"Not that you lied to me, but that I no longer believe you has shaken me." Friederick Nietzche, "Beyond Good and Evil."
When Nietzche wrote these words, he was addressing the issue of the consequence of mistrust. Granted, Nietzche himself had a place for lying as a philosophical tactic, but it was a personal issue then and still has meaning in a big way for leaders today.
I've written on integrity in this blog before and often. In fact, I did an interview on Fox News a year or so ago about the backlash on the reputation of leaders due to the banking crisis and financial misdeeds revealed at the time. This is the unfortunate truth. Not only is trust violated when an individual lies, it is violated "as-a-class." This is why scandals like those surrounding Rep. Anthony Weiner, John Edwards, David Willetts (Oxford University) or Dirk Kettelwell (Radio Shack) have such a long lasting and sweeping impact. It's not just that we can't trust THEM…we end up questioning the integrity of all leaders.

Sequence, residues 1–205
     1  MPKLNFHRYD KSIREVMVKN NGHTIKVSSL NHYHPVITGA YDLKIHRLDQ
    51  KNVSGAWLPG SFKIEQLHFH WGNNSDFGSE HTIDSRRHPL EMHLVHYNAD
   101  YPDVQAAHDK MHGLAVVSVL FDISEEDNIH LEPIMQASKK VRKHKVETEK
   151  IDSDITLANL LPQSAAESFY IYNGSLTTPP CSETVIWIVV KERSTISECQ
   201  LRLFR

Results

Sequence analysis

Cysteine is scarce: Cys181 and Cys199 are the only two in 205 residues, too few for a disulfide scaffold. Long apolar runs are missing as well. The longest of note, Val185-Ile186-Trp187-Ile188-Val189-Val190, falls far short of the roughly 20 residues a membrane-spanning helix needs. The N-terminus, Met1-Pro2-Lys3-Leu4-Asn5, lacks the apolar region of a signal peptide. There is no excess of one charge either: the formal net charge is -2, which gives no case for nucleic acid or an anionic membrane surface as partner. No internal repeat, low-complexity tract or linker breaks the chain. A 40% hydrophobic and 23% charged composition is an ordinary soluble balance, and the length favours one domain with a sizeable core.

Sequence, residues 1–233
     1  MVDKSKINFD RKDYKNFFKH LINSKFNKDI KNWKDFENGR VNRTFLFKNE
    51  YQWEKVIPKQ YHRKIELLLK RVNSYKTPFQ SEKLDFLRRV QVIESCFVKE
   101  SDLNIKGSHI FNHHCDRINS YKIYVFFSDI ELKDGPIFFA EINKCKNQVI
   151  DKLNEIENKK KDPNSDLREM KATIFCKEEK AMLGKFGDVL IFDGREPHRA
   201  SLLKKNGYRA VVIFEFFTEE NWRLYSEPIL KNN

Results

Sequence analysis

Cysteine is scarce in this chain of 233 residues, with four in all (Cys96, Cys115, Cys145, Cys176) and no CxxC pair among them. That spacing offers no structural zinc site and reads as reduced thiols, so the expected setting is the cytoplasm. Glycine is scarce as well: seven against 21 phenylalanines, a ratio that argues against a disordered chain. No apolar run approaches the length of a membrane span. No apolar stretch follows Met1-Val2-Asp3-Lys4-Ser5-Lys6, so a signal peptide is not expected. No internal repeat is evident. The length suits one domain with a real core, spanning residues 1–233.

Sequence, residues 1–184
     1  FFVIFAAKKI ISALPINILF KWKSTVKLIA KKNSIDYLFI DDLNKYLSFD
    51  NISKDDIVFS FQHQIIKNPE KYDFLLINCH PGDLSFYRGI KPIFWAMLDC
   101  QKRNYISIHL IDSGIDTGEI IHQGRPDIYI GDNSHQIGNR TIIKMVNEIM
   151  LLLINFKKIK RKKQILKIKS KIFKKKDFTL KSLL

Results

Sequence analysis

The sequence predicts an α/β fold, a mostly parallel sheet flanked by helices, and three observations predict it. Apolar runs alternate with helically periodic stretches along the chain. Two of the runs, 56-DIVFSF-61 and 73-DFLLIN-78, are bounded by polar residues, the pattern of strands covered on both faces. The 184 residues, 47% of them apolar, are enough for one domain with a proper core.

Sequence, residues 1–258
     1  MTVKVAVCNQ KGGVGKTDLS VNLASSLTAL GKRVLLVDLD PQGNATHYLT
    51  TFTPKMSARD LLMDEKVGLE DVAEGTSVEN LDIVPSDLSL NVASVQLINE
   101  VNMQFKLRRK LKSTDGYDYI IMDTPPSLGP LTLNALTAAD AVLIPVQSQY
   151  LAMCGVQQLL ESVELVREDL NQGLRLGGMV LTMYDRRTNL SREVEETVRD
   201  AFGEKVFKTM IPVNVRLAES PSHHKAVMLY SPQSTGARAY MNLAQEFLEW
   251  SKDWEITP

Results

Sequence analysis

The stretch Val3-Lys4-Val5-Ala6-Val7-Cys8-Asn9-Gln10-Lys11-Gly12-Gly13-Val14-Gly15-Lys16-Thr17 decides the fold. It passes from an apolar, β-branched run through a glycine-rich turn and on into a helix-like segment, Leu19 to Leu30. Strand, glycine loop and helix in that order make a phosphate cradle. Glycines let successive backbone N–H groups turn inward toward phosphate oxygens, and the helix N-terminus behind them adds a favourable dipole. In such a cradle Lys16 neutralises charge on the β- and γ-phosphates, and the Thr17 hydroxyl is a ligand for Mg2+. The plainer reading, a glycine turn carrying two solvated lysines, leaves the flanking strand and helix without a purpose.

The same is true of CEOs, midlevel managers, and front line supervisors. Once one of these people break our trust, we have a hard time trusting anybody with the same role. It is a broad brush, it is unfair, and it is part of our human survival instinct. Should you be under the spotlight because somebody else did something wrong? Probably not. But the perception of your personal integrity is your own responsibility regardless of whether it is fair.